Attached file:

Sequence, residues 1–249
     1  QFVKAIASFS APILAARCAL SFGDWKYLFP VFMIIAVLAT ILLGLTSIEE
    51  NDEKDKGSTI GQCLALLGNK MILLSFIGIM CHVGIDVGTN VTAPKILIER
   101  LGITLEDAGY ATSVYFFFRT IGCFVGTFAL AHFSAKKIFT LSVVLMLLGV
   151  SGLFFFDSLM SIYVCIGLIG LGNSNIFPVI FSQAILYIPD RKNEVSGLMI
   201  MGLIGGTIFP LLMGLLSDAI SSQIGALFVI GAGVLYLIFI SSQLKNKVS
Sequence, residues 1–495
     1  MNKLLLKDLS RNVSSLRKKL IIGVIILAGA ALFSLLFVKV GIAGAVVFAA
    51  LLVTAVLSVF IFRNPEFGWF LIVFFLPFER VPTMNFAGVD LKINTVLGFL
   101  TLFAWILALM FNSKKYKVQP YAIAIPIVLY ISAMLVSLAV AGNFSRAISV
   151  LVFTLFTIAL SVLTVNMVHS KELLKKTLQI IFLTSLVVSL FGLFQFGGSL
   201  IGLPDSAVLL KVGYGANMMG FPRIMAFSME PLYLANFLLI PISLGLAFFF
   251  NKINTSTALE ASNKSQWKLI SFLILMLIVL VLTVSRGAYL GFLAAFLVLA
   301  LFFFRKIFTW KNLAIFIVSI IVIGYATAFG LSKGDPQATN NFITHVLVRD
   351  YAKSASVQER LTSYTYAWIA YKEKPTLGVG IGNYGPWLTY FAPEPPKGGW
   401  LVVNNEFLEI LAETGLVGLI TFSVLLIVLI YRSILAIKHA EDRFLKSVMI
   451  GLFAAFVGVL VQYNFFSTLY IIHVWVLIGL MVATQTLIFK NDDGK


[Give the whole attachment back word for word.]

Sequence, residues 1–249
     1  QFVKAIASFS APILAARCAL SFGDWKYLFP VFMIIAVLAT ILLGLTSIEE
    51  NDEKDKGSTI GQCLALLGNK MILLSFIGIM CHVGIDVGTN VTAPKILIER
   101  LGITLEDAGY ATSVYFFFRT IGCFVGTFAL AHFSAKKIFT LSVVLMLLGV
   151  SGLFFFDSLM SIYVCIGLIG LGNSNIFPVI FSQAILYIPD RKNEVSGLMI
   201  MGLIGGTIFP LLMGLLSDAI SSQIGALFVI GAGVLYLIFI SSQLKNKVS
Sequence, residues 1–495
     1  MNKLLLKDLS RNVSSLRKKL IIGVIILAGA ALFSLLFVKV GIAGAVVFAA
    51  LLVTAVLSVF IFRNPEFGWF LIVFFLPFER VPTMNFAGVD LKINTVLGFL
   101  TLFAWILALM FNSKKYKVQP YAIAIPIVLY ISAMLVSLAV AGNFSRAISV
   151  LVFTLFTIAL SVLTVNMVHS KELLKKTLQI IFLTSLVVSL FGLFQFGGSL
   201  IGLPDSAVLL KVGYGANMMG FPRIMAFSME PLYLANFLLI PISLGLAFFF
   251  NKINTSTALE ASNKSQWKLI SFLILMLIVL VLTVSRGAYL GFLAAFLVLA
   301  LFFFRKIFTW KNLAIFIVSI IVIGYATAFG LSKGDPQATN NFITHVLVRD
   351  YAKSASVQER LTSYTYAWIA YKEKPTLGVG IGNYGPWLTY FAPEPPKGGW
   401  LVVNNEFLEI LAETGLVGLI TFSVLLIVLI YRSILAIKHA EDRFLKSVMI
   451  GLFAAFVGVL VQYNFFSTLY IIHVWVLIGL MVATQTLIFK NDDGK